Friday, 20 September 2013

No-one Ever Really Dies

I've blogged about story franchises before, but they've been very much on my mind again this week. As I'm sure you've seen, J.K. Rowling is undertaking some franchise extension of her own, by screenwriting a Newt Scamander movie for Warner Bros. Although there's technically already a book version of this, it sounds like the film will be significantly different, and it's interesting to speculate that Rowling - who, let's remember has already made a ton of cash from book sales - sees movies as the real money-spinner.

Anyway, to wander back to the point, I watched two of the big summer franchise movies this week (I'm not going to name them to minimise spoilers) and in both of them, a major character dies at the climax of the story, thus motivating the protagonist to battle with and defeat the antagonist at the final showdown. But in both films it was blindingly clear to me:
  1. That they were going to resurrect the fallen character before the end of the movie
  2. How they were going to do it
And lo and behold, that was exactly what happened. I should note that my thirteen-year-old daughter was slightly behind me in predicting the outcome, but she still guessed the details before the resurrection scene occurred. Which means that even those in the films' core demographic aren't fooled by such a plot twist.

So, what to make of this bit of apparently lazy screenwriting within two actually pretty good films? Well, I think it demonstrates a major weakness of the story franchise model - it's the characters that audiences get attached to, not the plot. So in order to keep stoking the fire and rolling out new product, those characters must be present in each new adventure. As a result, the element of surprise is lost and with it, crucially, the jeopardy that comes from not knowing who will be alive at the end of the story.

This isn't a new problem - we've all known for fifty years that James Bond could never die. But at least every other character was up for grabs (see Skyfall for proof of that). If you look at a big ensemble movie like Avengers Assemble though, you could pretty much predict that all of the superhero characters were going to make it through, because they each had their own films to go back to. And the only key character they did kill off is being resurrected less than a year later in the SHIELD TV series.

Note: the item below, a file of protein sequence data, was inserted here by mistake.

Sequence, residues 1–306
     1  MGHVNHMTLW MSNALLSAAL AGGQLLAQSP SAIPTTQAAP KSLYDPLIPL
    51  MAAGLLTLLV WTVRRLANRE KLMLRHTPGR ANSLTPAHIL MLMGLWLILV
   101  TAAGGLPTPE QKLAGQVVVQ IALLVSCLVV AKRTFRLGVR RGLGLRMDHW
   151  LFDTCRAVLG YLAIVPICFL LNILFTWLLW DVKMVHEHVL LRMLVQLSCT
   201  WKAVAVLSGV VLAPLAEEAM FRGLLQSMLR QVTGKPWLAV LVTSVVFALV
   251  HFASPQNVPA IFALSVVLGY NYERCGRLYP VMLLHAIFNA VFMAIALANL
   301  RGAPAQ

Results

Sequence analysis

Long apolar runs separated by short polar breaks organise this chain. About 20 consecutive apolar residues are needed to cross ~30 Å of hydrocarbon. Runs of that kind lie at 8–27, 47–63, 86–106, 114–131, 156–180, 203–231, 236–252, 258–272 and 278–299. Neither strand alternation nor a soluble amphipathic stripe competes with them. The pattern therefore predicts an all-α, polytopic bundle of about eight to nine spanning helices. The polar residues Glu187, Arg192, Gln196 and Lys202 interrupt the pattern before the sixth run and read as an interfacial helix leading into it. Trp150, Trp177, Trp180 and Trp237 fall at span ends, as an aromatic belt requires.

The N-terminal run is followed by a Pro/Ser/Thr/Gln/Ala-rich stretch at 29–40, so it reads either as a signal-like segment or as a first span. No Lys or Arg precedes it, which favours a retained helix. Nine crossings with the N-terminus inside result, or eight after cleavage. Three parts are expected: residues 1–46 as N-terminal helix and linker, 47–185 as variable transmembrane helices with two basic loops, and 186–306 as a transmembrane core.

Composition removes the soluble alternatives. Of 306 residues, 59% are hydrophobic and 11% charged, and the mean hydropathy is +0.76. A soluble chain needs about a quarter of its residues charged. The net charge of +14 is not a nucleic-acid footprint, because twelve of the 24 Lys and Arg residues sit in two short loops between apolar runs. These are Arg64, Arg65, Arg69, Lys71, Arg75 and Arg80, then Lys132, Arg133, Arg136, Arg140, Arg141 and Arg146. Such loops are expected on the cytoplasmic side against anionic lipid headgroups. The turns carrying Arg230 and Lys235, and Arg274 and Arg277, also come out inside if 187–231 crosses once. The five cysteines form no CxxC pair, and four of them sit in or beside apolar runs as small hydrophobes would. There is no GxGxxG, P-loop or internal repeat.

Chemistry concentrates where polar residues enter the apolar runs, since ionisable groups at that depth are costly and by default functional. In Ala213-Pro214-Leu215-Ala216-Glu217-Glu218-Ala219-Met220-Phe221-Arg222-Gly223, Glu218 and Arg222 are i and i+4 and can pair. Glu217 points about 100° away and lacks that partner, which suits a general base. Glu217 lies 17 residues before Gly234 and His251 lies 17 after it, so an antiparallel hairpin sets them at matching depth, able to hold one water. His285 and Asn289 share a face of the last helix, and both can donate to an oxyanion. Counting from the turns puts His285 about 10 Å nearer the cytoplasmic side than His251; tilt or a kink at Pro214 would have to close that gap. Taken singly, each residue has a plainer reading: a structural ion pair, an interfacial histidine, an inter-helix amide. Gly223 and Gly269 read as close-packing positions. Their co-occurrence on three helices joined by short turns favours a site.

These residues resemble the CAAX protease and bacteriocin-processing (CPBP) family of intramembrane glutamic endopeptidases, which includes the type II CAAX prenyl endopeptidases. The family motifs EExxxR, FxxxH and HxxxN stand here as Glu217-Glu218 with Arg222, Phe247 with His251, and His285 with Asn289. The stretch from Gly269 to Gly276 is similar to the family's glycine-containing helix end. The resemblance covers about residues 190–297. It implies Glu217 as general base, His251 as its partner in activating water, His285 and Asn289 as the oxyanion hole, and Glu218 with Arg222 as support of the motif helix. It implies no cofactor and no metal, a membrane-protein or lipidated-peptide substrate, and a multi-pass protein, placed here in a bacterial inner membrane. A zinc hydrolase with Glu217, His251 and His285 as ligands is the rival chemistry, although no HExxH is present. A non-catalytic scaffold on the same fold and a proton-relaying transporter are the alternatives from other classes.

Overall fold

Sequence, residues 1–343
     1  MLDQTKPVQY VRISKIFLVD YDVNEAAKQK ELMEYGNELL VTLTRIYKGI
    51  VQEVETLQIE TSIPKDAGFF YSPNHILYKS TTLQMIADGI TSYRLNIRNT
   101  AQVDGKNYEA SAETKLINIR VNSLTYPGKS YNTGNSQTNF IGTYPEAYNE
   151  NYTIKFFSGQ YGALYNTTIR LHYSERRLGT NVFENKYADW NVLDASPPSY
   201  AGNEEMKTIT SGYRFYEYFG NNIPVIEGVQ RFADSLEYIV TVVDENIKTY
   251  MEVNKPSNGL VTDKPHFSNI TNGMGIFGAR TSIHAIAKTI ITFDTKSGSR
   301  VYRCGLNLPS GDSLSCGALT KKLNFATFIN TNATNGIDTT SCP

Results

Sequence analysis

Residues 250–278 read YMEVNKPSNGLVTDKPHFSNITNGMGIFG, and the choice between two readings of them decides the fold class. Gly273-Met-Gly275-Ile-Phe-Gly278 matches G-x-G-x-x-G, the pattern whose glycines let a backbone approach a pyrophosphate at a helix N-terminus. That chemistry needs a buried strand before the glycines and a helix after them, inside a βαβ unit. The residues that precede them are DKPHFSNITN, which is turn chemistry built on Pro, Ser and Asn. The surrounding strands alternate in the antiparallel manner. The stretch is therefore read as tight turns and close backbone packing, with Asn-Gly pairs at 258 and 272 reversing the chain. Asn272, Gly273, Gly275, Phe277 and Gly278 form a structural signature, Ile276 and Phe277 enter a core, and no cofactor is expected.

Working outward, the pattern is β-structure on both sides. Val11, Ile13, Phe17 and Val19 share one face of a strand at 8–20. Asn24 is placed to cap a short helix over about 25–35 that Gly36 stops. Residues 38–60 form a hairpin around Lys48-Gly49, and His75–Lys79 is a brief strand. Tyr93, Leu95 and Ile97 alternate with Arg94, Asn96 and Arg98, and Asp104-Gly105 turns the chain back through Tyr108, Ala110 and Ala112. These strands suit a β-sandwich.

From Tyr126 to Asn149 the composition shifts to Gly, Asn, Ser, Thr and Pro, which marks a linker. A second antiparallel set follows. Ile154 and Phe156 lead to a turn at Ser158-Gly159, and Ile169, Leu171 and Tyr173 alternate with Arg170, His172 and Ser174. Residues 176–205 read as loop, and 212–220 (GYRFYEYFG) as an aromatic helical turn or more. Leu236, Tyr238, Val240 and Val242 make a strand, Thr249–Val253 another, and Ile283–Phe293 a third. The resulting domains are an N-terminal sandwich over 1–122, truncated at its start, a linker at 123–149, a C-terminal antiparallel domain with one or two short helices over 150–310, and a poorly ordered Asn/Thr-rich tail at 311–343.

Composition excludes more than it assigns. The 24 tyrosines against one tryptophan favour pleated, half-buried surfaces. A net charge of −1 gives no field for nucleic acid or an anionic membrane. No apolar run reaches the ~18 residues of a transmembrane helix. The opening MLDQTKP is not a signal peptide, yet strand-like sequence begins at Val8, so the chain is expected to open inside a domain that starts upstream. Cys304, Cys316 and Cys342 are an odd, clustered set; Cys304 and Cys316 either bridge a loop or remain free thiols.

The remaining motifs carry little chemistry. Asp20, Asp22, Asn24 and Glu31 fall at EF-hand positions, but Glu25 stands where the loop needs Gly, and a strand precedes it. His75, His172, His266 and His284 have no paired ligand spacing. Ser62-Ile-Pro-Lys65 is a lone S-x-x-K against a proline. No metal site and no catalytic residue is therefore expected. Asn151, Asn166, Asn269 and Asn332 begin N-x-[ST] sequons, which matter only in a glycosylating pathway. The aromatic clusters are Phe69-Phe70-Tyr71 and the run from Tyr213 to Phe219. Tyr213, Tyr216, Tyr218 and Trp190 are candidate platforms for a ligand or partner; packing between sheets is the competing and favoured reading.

For all this, however, there's something weirdly addictive about these story franchises, as each installment digs deeper and deeper into a fictional world. And the writers do manage to fill them with tension and excitement, despite the artificial limitations of the form. But overall, perhaps this is a moment to feel glad that you're writing children's books and not screenplays for blockbuster movies. And if you want to follow that thought into action, why not kill off your favourite character in a horrible way and never, ever bring them back to life? That'll show everyone you mean business!

Nick.

5 comments:

  1. Yes! In fact I'm starting the next FT book with a death. Coming soon to a critique group near you!

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    1. Sorry Lorraine! I hit the wrong button and deleted your comment by mistake (oops).

      To paraphrase, you were approving of J.K. Rowling's ability to dispatch characters, especially the fact that she killed off Dumbledore.

      My reply is to wonder whether she would have been allowed to do that, if Harry Potter had started out as a film series? After all, what about the Dumbledore spinoffs?

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  3. So Nick, you tried to kill me off with the delete button but as you say "noone ever really dies!" so I'm back.
    I think the HP series would have been quite different if it had started as a film because movie producers have a different agenda to writers. They need their films to make money and as much as possible and spin offs certainly help!
    However despite what I said about JK being good at killing off her characters she did cheat a bit. All the characters come back in some way - from Voldemort who is reborn, and then Harrys mum and dad, Lupin, Sirius, Cedric etc all come back as ghosts. Even Dumbledore. It takes the edge off all the death. Could discuss this for ages but will save it for when we next meet!

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    1. I have to say, I was quite impressed by the way she "had her cake and ate it" regarding Harry's death. There was such a feeling of doomed finality all the way through the last book and then she switched and brought him back to life for the big finish.

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